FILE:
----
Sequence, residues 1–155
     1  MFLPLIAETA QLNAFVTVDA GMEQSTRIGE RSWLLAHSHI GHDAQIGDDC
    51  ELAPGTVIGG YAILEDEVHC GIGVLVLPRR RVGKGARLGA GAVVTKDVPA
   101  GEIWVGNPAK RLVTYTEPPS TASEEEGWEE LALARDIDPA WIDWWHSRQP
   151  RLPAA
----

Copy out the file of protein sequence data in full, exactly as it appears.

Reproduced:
Sequence, residues 1–155
     1  MFLPLIAETA QLNAFVTVDA GMEQSTRIGE RSWLLAHSHI GHDAQIGDDC
    51  ELAPGTVIGG YAILEDEVHC GIGVLVLPRR RVGKGARLGA GAVVTKDVPA
   101  GEIWVGNPAK RLVTYTEPPS TASEEEGWEE LALARDIDPA WIDWWHSRQP
   151  RLPAA